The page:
Users can spend real money in the metaverse to buy virtual assets.
The metaverse operates both “open” and “closed” worlds. “Closed” represents a world where money can go in but it cannot come out, such as clothing or accessories for avatars (wearables) on the gaming platform Roblox, which have no value or transferability outside of the Roblox metaverse. “Open” refers to a world where digital assets can move in and out of the metaverse. Examples include Sandbox and Decentraland – these are blockchain-based metaverses which offer users the opportunity to explore the blockchain economy by buying and selling digital assets using cryptocurrencies or NFTs.
As an alternative reality, users can behave in the metaverse in ways that mirror the physical world, buying virtual property or in-world items, and possibly even setting up a business in the metaverse space itself. However, there is no centralized management of asset ownership in these worlds, rather they are recorded on a public blockchain.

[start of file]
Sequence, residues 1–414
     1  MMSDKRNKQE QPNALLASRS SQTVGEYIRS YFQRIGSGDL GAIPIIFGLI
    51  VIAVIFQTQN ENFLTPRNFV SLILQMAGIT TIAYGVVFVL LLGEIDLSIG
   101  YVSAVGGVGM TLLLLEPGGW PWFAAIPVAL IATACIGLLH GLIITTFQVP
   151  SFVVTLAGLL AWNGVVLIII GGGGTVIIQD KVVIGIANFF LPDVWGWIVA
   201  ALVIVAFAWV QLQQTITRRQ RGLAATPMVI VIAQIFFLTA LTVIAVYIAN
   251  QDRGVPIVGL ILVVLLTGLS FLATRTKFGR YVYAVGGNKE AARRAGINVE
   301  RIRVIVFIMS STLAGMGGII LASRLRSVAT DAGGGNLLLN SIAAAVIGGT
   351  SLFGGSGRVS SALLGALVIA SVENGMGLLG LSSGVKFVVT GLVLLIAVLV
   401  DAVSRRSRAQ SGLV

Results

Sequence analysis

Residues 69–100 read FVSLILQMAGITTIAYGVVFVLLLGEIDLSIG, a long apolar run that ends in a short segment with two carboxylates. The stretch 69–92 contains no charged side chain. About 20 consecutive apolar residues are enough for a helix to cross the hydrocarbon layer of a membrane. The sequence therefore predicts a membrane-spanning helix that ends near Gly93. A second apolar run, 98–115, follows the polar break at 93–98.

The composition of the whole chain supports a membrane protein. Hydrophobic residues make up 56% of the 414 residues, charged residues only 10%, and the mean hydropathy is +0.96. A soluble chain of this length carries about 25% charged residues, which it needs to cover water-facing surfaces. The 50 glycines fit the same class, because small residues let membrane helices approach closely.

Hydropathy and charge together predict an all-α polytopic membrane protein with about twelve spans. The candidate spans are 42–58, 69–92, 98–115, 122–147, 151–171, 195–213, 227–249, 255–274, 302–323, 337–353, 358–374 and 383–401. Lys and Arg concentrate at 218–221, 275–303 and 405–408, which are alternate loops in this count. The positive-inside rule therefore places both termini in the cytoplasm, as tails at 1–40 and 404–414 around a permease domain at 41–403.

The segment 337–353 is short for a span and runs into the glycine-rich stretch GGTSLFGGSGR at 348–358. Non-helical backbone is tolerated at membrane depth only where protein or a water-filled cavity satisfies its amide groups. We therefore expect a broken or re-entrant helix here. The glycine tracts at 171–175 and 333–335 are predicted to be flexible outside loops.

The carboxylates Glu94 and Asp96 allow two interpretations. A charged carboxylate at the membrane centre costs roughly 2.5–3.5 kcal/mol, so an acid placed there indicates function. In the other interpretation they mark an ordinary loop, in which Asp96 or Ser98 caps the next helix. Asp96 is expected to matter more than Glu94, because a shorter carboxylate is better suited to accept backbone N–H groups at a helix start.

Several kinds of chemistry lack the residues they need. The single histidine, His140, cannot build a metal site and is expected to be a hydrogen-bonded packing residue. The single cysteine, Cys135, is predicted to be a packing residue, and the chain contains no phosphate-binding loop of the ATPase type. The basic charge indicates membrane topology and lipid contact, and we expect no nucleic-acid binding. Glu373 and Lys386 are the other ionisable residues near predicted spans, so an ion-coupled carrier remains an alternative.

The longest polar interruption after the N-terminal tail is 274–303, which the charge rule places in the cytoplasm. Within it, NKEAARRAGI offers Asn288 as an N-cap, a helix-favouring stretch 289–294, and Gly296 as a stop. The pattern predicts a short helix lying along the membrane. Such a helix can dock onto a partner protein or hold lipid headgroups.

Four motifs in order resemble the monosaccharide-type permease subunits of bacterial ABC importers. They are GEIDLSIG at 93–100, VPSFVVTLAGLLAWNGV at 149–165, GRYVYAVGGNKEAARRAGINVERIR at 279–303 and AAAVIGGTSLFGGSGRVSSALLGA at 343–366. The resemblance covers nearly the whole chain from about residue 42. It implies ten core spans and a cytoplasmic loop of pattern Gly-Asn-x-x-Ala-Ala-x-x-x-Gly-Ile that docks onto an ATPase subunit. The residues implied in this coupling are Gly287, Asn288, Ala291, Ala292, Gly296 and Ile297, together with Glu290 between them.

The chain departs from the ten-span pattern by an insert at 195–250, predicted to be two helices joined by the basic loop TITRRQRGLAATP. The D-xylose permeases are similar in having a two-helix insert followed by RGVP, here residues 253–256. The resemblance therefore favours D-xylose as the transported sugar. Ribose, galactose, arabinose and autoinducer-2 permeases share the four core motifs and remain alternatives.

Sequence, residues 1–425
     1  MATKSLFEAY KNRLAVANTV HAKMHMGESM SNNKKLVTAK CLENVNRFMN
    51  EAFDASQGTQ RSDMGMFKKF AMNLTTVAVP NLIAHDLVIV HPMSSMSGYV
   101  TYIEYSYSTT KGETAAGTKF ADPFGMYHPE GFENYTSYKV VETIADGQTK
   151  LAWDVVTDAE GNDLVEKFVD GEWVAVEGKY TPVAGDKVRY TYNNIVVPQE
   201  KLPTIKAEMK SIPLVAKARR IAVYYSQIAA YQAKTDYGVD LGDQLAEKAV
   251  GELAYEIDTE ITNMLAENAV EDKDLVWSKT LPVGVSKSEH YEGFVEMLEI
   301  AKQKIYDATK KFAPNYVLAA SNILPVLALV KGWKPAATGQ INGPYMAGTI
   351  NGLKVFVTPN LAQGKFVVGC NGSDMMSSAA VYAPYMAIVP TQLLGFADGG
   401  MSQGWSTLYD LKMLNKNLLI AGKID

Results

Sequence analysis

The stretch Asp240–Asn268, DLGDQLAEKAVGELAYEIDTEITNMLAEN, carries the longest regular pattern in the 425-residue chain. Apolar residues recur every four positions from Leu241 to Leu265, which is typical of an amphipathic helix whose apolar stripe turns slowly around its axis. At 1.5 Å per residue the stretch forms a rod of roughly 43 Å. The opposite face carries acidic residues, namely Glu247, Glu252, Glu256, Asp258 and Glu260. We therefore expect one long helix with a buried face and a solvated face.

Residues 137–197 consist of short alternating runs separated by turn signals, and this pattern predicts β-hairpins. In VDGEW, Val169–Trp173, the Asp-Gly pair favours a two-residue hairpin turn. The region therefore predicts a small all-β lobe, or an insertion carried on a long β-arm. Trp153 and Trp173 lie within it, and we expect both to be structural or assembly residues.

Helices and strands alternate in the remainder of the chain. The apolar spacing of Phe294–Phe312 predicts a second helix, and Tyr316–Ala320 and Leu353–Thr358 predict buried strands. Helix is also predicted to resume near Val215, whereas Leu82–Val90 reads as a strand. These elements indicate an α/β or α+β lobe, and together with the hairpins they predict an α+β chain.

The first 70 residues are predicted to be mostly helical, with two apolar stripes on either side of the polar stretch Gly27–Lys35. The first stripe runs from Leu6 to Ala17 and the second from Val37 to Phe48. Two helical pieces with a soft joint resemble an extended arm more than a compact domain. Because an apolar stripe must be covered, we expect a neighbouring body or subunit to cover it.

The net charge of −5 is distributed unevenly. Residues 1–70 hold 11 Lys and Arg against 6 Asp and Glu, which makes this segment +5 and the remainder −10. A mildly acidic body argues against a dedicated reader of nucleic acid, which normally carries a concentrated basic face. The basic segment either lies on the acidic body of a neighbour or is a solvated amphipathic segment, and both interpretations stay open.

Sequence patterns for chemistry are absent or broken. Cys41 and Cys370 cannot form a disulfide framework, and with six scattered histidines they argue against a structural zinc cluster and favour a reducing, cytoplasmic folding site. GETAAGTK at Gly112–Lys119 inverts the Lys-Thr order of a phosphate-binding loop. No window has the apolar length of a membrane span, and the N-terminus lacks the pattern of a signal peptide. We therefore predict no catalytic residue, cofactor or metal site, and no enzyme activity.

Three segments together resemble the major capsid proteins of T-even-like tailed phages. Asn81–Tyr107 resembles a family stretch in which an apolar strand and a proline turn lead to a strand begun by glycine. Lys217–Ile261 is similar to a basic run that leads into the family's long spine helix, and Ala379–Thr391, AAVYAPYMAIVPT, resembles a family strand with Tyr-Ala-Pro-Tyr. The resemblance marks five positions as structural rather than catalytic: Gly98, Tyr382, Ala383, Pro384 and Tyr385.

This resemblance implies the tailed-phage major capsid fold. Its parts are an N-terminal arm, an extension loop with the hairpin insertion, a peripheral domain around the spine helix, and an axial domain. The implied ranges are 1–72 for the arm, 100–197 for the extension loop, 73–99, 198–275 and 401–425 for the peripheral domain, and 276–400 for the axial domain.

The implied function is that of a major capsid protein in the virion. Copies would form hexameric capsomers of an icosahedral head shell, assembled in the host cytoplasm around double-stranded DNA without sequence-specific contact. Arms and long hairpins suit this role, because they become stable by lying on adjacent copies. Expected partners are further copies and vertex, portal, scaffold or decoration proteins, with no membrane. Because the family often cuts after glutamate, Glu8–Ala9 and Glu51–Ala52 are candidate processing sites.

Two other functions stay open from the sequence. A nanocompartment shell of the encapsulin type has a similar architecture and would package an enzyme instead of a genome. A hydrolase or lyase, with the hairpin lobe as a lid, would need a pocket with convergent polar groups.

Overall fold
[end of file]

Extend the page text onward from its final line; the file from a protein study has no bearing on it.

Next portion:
The decentralized nature of the metaverse can lead to a number of dangers, including lack of regulation. Without a centralized authority to oversee and regulate activity in the metaverse, there is no inherent mechanism for addressing issues such as financial crime.
Financial crime in the metaverse
The metaverse is hailed as a key player in boosting the digital economy due to its high value projection. Given its value and popularity, as well as the high proportion of crypto-assets traded across the metaverse worlds, it’s an attractive target for financial crime. Unlike other risks, metaverse cybercrimes have more enduring and pervasive effects, representing a threat to the global financial system while slowing progress and technical innovation.